of Socrates, with more particular Regard to that Part of his Philosophy which we, among our selves, cali his Domesticks, under which Denomination, or Title, we include all the Conjugal Joys and Sufferings. We have indeed, with very great pleasure, observed the Honour you do the whole Fraternity of the Hen-peck'd, in placing that illustrious Man at our Head ; and it does in a very great Measure baffle the Raillery of pert Rogues, who have no Advantage above us, but in that they are single. But when you look about into the Croud of Mankind, you will find the fair Sex reigns with greater Tyranny over Lovers than Husbands. You shall hardly meet one in a thousand who is wholly exempt from their Dominion, and those that are so are capable of no Taste of Life, and breathe and walk about the Earth as Insignificants. But I am going to desire your further Favour in Behalf of our harmless Brotherhood, and hope you will shew in a true Light the unmarried Hen-peck'd as well as you have done Justice to us, who submit to the Conduct of our Wives. I am very particularly ac

quainted

T

quainted with one who is under entire Submission to a No. 486. kind Girl, as he calls her; and tho' he knows I have Wednesbeen Witness both to the ill Usage he has received from day, her, and his inability to resist her Tyranny, he still

Sept. 17,

1712. pretends to make a Jest of me for a little more than ordinary Obsequiousness to my Spouse. No longer than Tuesday last he took me with him to visit his Mistress and he having, it seems, been a little in Disgrace before thought by bringing me with him she would constrain her self, and insensibly fall into general Discourse with him and so he might break the Ice, and save himself all the ordinary Compunctions and Mortifications she used to make him suffer before she would be reconciled after any Act of Rebellion on his Part When we came into the Room, we were received with the utmost Coldness, and when he presented me as Mr. Such-arone, his very good Friend, she just had Patience to suffer my Salutation, but when he himself, with a very gay Air, offered to follow me, she gave him a thundering Box on the Ear, called him pitiful poor-spirited Wretch, how durst he see her Face? His Wig and Hat fell on different Parts of the Floor. She seized the Wig too soon for him to recover it, and kicking it down Stairs, threw her self into an opposite Room, pulling the Door after her with a Force, that you would have thought the Hinges would have given Way. We went down, you must think, with no very good Countenances; and as we sneaked off, and were driving home together, he confessed to me that her Anger was thus highly raised, because he did not think fit to fight a Gentleman who had said she was what she was ; but, says he, a kind Letter or two, or fifty Pieces, will put her in Humour again. I asked him why he did not part with her, he answered, he loved her with all the Tenderness imaginable, and she had too many Charms to be abandoned for a little Quickness of Spirit. Thus does this illegitimate Hen-peck'd overlook the Hussy's having no Regard to his very Life and Fame, in putting him upon an infamous Dispute about her Reputation ; yet has he the Confidence to laugh at me, because I obey my poor Dear in keeping out of Harm's Way, and not staying too late from my owa Family, to pass through the Hazards IV.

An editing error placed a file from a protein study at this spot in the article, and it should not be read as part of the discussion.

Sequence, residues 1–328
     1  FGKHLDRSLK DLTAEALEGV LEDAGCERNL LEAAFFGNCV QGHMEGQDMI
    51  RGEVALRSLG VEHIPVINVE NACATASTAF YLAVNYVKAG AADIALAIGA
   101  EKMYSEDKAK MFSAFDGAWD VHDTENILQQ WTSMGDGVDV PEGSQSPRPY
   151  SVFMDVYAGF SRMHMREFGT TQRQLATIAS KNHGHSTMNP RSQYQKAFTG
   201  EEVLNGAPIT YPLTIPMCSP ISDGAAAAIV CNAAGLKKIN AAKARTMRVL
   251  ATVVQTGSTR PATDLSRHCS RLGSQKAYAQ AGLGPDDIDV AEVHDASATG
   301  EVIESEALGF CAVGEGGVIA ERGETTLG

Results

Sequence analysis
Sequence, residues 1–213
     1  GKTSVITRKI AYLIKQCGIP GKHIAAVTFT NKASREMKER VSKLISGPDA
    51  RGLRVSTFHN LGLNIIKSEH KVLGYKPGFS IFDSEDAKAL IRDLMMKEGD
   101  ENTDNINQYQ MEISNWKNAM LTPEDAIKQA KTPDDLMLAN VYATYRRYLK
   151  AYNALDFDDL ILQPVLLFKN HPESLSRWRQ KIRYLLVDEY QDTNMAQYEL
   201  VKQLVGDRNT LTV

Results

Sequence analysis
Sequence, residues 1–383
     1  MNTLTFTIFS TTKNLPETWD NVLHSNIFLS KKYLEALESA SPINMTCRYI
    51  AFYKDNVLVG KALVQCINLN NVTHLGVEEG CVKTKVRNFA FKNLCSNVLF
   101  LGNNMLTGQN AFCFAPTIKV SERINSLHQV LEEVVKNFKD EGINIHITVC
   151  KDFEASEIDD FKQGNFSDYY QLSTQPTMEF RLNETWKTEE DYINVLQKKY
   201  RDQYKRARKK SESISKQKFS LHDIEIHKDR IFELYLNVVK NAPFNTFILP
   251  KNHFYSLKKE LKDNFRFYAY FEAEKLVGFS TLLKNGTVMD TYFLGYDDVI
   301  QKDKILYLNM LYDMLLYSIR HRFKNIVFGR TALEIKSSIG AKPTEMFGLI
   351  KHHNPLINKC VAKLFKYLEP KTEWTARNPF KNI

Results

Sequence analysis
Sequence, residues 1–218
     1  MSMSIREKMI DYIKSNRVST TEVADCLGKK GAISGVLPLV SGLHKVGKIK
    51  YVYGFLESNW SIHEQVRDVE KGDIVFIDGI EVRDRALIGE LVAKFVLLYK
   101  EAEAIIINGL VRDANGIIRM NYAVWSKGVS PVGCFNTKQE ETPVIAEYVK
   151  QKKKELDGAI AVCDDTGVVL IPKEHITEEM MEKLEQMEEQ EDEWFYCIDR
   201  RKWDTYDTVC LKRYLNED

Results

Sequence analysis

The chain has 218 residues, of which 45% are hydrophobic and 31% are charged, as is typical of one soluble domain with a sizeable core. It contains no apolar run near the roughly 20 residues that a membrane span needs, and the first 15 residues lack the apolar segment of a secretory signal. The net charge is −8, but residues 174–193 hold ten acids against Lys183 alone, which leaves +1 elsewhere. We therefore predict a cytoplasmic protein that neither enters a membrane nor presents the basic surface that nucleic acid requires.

of

D

No. 486. of a Town full of Ranters and Debauchees. You that are Wedness a Philosopher should urge in our Behalf, that when we day, bear with a froward Woman, our Patience is preserved, Sept. 17, 1712.

in Consideration that a Breach with her might be a Dishonour to Children who are descended from us, and whose Concern make us tolerate a thousand Frailties, for Fear they should redound Dishonour upon the Innocent This and the like Circumstances, which carry with them the most valuable Regards of humane Life, may be mentioned for our long Suffering, but in the Case of Gallants, they swallow ill Usage from one to whom they have no Obligation, but from a base Passion which it is mean to indulge, and which it would be glorious to overcome.

These Sort of Fellows are very numerous, and some have been conspicuously such without Shame nay, they have carried on the Jest in the very Article of Death, and, to the Diminution of the Wealth and Happiness of their Families, in Bar of those honourably near to them, have left immense Wealth to their Paramours. What is this but being a Cully in the Grave! Sure this is being Henpeck'd with a Vengeance! But without dwelling upon these less frequent Instances of eminent Cullyism, what is there so common as to hear a Fellow curse his Fate that he cannot get rid of a Passion to a Jilt, and quote an Half-Line out of a Miscellany Poem to prove his Weakness is natural. If they will go on thus, I have nothing to say to it; but then let them not pretend to be free all this While, and laugh at us poor married Patients.

I have known one Wench in this Town carry an haughty Dominion over her Lovers so well, that she has at the same Time been kept by a Sea Captain in the Streights, a Merchant in the City, a Country Gentleman in Hampshire, and had all her Correspondences managed by one she kept for her own Uses. This happy Man (as the Phrase is) used to write very punctually every Post Letters for the Mistress to transcribe. He would sit in his Night-Gown and Slippers, and be as grave giving an Account, only changing Names, that there was nothing in these idle Reports they had heard of such a

Scoundrel